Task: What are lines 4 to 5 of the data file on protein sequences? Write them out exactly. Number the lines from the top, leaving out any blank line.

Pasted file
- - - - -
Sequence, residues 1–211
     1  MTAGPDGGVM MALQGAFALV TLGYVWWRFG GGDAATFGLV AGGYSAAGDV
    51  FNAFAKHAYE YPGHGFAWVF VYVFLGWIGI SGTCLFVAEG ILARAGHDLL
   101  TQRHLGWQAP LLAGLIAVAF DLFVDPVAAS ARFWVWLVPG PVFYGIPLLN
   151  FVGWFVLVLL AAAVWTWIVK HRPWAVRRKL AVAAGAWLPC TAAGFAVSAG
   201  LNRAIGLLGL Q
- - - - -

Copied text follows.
   101  TQRHLGWQAP LLAGLIAVAF DLFVDPVAAS ARFWVWLVPG PVFYGIPLLN
   151  FVGWFVLVLL AAAVWTWIVK HRPWAVRRKL AVAAGAWLPC TAAGFAVSAG